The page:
Clinical features of FTD and motor neuron disease can coexist in the same individual.6 There is no predictable temporal relationship between the cognitive and motor features of the syndrome. Also of interest are cases of clinically diagnosed FTD lacking motor symptoms in which pathological findings of motor neuron disease are encountered. Just as in classic amyotrophic lateral sclerosis, motor symptoms of dysphagia or respiratory failure adversely affect prognosis in patients with FTD.

Corticobasal Degeneration

Corticobasal degeneration is a pathological diagnosis and is clinically characterized by asymmetrical rigidity, apraxia, and alien limb phenomena. However, many patients with corticobasal degeneration do not have asymmetrical rigidity and apraxia.7 Relevant to this discussion is that pathological corticobasal degeneration may manifest clinically as FTD. This furthers the concept that both clinical and pathological findings implicating involvement of regions other than the frontal and temporal lobes should not prevent the diagnosis of FTD.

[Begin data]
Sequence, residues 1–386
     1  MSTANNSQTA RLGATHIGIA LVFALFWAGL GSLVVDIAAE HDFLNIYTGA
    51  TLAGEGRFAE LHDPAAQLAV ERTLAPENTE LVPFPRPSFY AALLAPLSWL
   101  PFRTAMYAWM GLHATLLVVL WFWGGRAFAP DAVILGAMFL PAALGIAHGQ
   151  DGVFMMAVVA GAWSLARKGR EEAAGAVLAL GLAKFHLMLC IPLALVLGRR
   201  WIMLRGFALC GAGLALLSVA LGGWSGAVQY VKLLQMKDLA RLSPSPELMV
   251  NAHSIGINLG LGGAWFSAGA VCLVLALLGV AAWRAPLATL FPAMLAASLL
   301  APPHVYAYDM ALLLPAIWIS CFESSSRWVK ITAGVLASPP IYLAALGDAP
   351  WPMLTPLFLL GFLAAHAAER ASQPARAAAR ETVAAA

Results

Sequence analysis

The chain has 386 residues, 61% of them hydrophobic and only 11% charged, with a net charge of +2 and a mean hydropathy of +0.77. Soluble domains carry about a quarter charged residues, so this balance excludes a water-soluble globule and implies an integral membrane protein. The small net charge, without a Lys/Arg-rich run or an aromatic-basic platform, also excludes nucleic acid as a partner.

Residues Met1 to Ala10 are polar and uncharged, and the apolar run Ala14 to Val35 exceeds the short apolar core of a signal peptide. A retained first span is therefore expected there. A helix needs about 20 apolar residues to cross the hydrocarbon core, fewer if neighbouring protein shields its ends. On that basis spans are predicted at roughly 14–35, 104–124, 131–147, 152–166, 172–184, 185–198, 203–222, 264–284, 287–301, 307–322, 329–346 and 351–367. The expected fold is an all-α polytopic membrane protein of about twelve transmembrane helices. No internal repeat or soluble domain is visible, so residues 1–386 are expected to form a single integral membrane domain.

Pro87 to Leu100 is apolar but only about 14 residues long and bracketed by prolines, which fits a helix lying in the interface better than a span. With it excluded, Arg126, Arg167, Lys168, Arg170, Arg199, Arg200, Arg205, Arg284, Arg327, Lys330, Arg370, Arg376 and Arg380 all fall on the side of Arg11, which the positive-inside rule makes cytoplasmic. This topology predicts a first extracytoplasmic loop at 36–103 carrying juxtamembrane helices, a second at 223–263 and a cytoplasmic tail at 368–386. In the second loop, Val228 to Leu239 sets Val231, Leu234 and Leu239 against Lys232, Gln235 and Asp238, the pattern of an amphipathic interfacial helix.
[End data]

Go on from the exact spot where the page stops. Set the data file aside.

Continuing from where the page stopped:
Nearly a century after Pick first described the pathological features of frontotemporal degeneration, different pathological subtypes were described as well.8 Three major pathological divisions were identified: Pick’s disease type A, with neuronal loss, astrocytic gliosis, Pick bodies, and swollen neurons; Pick’s disease type B, with neuronal loss, astrocytic gliosis, and swollen neurons; and Pick’s disease type C, with neuronal loss and gliosis. Additional advances in the field of pathology have allowed further characterization of the FTDs through immunohistochemical and biochemical techniques.